Friday, 28 February 2014

Edzell Castle Garden (2)

Along the south side of Sir David, Lord Lindsay's early 17th century walled garden are the arched-headed panels that comprise on of the highlights of the Edzell Castle Garden. The six remaining sculptures on this wall, which depict the Liberal Arts, were created by an anonymous but highly accomplished craftsmen.

The beautiful figures representing Grammar (Grammatica), Rhetoric (Rhetorica) and Argument (Dialectica) depict those studies undertaken for the first part of the medieval university curriculum, the Trivium. Grammar the art of using words correctly, was followed by Rhetoric, the art of connected discourse, followed by the art of argument.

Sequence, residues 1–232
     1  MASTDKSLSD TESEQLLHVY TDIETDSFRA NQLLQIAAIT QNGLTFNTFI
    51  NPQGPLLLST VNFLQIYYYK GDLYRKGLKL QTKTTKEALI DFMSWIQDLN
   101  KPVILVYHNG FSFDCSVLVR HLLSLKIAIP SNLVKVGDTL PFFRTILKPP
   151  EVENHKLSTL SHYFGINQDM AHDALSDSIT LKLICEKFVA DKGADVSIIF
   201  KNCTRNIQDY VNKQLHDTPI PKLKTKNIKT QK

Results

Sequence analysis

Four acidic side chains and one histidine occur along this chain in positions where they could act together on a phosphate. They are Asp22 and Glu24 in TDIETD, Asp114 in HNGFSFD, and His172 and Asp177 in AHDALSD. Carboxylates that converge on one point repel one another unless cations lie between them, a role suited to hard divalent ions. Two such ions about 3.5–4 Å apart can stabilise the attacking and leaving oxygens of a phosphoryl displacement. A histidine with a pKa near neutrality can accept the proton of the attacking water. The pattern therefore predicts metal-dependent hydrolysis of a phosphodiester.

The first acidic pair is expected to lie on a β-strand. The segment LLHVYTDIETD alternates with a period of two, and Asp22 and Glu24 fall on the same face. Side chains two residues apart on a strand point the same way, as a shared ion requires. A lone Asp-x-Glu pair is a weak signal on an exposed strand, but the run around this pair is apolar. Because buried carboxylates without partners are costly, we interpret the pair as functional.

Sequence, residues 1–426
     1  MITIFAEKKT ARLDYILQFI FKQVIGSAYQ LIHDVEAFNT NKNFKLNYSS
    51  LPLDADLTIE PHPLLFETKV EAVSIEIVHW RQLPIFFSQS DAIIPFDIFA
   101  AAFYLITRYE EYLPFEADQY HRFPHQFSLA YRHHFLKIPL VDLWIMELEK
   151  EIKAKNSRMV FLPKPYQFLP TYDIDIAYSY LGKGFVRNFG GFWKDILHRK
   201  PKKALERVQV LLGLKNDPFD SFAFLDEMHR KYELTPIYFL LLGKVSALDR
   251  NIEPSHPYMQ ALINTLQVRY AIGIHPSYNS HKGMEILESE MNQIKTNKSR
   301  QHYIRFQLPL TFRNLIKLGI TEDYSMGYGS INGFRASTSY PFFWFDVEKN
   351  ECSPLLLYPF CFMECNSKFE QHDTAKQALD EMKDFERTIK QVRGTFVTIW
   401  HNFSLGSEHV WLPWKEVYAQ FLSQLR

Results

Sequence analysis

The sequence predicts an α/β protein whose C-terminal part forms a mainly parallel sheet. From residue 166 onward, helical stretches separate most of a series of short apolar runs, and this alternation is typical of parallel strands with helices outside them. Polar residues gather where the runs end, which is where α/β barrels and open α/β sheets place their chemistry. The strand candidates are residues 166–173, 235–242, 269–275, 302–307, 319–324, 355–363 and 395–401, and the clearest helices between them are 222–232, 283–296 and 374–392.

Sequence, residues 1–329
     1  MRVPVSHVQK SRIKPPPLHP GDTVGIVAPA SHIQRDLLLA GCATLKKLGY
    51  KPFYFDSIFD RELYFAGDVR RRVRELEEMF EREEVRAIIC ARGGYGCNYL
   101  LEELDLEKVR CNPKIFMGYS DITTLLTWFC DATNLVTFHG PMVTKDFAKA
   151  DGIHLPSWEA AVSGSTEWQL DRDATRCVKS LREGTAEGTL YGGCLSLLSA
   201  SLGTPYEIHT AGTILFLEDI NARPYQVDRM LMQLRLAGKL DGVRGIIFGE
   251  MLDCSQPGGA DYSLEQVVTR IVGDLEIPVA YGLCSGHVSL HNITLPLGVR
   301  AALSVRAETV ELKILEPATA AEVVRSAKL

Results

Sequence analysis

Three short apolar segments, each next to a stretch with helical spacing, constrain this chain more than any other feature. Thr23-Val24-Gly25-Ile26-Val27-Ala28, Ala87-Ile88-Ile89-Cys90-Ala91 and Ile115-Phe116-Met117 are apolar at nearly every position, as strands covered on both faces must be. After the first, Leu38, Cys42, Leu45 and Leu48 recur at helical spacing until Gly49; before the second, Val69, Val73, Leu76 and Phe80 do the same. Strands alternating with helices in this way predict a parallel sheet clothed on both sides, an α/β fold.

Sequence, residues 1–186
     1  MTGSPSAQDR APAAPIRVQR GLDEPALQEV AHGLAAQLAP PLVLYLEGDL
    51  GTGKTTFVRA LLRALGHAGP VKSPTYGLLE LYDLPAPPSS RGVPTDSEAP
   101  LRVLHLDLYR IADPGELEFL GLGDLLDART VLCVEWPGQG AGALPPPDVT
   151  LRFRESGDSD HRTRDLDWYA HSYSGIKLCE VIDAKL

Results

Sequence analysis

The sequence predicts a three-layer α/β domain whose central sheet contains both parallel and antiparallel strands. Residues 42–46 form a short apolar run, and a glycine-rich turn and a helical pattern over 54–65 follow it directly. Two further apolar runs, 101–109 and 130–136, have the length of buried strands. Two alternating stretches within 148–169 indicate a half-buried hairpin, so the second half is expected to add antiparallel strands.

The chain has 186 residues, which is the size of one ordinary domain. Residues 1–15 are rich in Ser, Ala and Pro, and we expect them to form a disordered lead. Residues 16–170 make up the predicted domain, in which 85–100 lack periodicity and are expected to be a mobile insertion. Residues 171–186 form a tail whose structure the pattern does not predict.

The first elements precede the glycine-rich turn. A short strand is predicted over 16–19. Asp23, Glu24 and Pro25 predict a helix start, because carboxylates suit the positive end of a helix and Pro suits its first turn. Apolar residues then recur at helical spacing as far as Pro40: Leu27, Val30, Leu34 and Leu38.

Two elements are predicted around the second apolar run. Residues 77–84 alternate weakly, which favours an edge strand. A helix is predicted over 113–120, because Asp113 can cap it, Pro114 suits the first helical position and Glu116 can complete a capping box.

Rhetorica

Dialectica

The panels depicting Arithmetic (Arithmetica), Music (Musica), Geometry (Geometria) and the missing panel Astronomy represent the curriculum for the higher studies that formed the Quadrivium.

Arithmetica


Geometria


Musica

In the south-east corner of the walled garden had been a bath house, now vanished, that comprised three rooms, a bathing room with a well, a dressing room and a sitting room with a fireplace.